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Chapter 3: Designing Your Database the Relational Way
Chapter 3: Designing Your
Database the Relational Way
In This Chapter
Designing the tables in which you’ll store your data
Streamlining your design to make it truly relational
Linking your tables with joins
Choosing the right data types for your fields
Ensuring compatibility among Access versions
Relational database design? Yikes! It sounds like a serious programming
project. But what is it, exactly? Designing a database means figuring
out how the information is structured — that is, which information should
be stored in each table of the database and how everything connects. Unlike
the case when you work with a spreadsheet or word processor, you have to
design a database before you use it; you can’t just start typing information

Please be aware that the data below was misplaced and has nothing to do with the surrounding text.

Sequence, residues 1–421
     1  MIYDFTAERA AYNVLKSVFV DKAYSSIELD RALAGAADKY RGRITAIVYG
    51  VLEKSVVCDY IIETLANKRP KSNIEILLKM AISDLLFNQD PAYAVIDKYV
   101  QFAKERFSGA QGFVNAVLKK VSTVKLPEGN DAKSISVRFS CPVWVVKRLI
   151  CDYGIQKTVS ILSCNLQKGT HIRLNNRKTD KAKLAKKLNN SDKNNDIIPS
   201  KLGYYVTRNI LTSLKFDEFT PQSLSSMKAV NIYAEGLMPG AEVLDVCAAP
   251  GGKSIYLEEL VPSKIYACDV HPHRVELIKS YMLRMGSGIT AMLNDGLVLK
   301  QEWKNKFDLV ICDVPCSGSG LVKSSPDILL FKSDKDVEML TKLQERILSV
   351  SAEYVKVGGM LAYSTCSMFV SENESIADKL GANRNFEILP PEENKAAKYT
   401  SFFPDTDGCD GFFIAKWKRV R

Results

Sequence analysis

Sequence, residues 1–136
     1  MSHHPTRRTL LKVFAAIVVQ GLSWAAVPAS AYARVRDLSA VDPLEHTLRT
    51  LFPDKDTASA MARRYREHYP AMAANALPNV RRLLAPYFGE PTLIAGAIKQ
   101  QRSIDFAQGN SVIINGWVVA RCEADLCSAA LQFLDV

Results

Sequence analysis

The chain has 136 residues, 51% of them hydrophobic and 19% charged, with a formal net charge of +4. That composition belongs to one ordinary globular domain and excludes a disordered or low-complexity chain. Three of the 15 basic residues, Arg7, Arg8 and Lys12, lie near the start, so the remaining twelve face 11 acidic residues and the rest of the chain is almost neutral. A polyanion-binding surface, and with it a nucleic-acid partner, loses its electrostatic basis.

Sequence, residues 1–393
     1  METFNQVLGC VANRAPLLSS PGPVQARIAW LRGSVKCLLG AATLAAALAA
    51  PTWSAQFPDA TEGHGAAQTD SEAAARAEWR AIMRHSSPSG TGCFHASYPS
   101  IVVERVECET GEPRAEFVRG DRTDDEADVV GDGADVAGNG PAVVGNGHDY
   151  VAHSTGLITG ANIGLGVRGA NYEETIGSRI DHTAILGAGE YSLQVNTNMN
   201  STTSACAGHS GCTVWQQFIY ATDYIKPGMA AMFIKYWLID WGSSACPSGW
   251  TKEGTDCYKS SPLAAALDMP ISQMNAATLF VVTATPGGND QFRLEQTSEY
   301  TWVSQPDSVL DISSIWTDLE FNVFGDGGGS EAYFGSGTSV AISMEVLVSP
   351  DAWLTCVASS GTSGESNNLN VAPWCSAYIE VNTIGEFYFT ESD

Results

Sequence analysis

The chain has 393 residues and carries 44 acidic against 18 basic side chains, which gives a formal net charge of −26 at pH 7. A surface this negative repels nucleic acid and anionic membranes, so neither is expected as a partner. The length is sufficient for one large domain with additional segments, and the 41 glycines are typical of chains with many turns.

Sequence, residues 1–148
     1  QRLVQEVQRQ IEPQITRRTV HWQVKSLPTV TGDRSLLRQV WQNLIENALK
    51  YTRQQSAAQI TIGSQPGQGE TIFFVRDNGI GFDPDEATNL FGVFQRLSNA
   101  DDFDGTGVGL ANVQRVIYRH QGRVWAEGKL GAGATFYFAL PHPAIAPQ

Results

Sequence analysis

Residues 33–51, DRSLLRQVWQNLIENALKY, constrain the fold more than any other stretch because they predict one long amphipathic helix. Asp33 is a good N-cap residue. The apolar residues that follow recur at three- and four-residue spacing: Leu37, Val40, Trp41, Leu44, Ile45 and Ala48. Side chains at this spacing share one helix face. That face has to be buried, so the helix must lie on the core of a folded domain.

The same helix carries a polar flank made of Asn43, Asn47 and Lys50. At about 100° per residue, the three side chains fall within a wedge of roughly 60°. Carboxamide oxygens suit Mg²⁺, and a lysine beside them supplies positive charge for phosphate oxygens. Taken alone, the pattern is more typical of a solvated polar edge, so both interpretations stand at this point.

in it. (Well, sure, you can, but we don’t recommend it; the result is usually a
mess.) How easy it is later to enter and edit information and to create useful
queries, forms, and reports depends on how well your database is designed.
A good database design can streamline your work in Access.
This chapter takes you through the process of designing the table(s) you
need in your database, including the relationships among them. Book II,
Chapter 1 contains instructions for creating the tables in Access.
What Are Tables, Fields, and Keys?
In Access, you store your data in tables — lists of records that work like the
index cards that make up an address file. Each record contains information
in the same format, in fields — specified places for individual pieces of
If you want to keep track of the customers of a small bookstore, you make
a table of customers, with one record per customer. Each record is made
up of the same set of fields, including fields that store the following types of
data: customer’s last name, first name, street address, city, state or province,
zip or postal code, country, and phone number (as shown in Figure 3-1).
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